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Icicles in California


by Dallas Woodburn



    I'm home from college for winter break, and Jake and I go to the movies. In high school I only knew him in a vague way — he interned afternoons at my mom's office — but then last summer we ended up at the same party and got to talking. We've been e-mailing back and forth all semester long. He's a grad student in Florida studying engineering. I'm a sophomore English major at Oregon State. But here we are, side by side in a mostly empty movie theater on a Wednesday afternoon a week before Christmas, because my small California hometown is his hometown, too.

    I don't have my own car, so my older sister dropped me off at the theater. Jake drives me home. He has a sea-foam green Saturn from the early '90s, with worn upholstery and broken air vents. Tufts of hair flop over his eyes and he pushes them to the side, swiping them across his forehead absentmindedly as he talks. I like him. He's the kind of person who sings along to the radio and quotes obscure movie lines and covers his mouth when he yawns.

    "Turn left here," I say. "My house is that big brown one. With the Charlie Brown Christmas lights." My dad hangs the multicolored bulbs in awkward looping strands across the front of our house. I think it looks homey and charming, like a child's crayon drawing on the back of a Kid's Menu. My mom thinks it looks ridiculous. She wants the straight, even rows of white icicle lights that adorn all the other houses in our neighborhood —which is ironic, in my opinion. Icicles are most ridiculous of all when you live in California.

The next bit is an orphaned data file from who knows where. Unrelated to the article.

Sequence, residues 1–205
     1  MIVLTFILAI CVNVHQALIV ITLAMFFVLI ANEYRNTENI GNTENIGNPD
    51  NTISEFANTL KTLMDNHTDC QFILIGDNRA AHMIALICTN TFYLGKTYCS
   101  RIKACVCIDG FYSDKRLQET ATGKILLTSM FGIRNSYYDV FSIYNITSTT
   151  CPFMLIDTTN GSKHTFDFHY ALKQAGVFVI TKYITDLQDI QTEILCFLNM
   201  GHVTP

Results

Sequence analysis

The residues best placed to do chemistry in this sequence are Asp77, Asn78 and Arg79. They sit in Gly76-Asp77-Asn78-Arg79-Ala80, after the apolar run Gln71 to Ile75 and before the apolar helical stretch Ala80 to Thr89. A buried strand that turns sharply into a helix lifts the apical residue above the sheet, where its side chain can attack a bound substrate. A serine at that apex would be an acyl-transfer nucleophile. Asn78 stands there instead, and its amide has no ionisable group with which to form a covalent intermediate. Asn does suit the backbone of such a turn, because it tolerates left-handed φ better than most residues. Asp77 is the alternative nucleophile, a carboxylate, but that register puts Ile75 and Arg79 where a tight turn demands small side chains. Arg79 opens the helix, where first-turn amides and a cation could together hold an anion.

Jake turns into my cul-de-sac and stops in front of my house, grinning at the lights. He puts the car into park but doesn't cut the engine.
 
    "Hey, so my friend's having a party tonight," he says. "Wanna come?"

    "Yeah, sure. That'll be fun."

    "I'll pick you up at nine."

    "Okay."

section break

    I have a slight head-ache and I'm over-dressed. Jake is half an hour later than he said he would be, wearing shorts and a hooded sweatshirt. I'm wearing pointy-toed flats that feel ridiculous next to his tennis shoes. My jeans are okay, though. I pull on a sweater over my black lacy top and follow him to his car.

   We pull up to a small apartment complex fronted by flimsy palm trees. They bend and sway in the breeze as we climb the outdoor stairway to 3B. Jake's friend is Eric, a short guy with greasy hair but a nice smile that extends to his eyes. "Jake-Man!" he says, clapping Jake on the back while I stand clumsily behind in the shadows. Jake follows Eric through the doorway, pulling me gently along, his fingers warm on my wrist. "Hey everyone, this is Stacey," he says once we're inside. I was expecting a dark, crowded room, thumping bass music, dancing, cheap beer sloshing in red plastic cups, but it seems "everyone" is just Eric and Eric's girlfriend, whose name I promptly forget. I'm already mentally analyzing Jake's introduction of me, searching for clues. This is Stacey, he said. Not, This is my friend, Stacey. It must mean something. If he only thinks of me as a friend, he would make it clear. To everyone. Right?

    Eric shakes my hand; his girlfriend nods and smiles without showing her teeth. The walls are a freshly painted taupe and the windows are curtainless. Half-a-dozen cardboard boxes congregate in the far corner. "Sorry about the mess," Eric says. "We just moved in." His girlfriend gives me the tour: the queen-size bed filling nearly all of the bedroom, the cramped bathroom with combination shower/tub, the kitchen/dining room opening up into a narrow living room with blue carpet and a faded fold-out couch. Wine glasses sit on coasters on the floor because, Eric's girlfriend explains, "We can't splurge on a coffee table yet." The coasters make me smile.

    "This is great," I say.

    "Yeah, it's small, but it's ours." Her cheeks are flushed and her eyes shine. I imagine her vacuuming the carpet, hanging flowered curtains in the windows, baking casseroles in the oven. Playing house. It reminds me of the photographs I found tucked away in our garage beside boxes of vinyl albums and old basketball trophies — snapshots of my parents, newlyweds right out of college, filling a tiny apartment with used furniture and unabashed love. In the pictures, they look young and tanned and happy.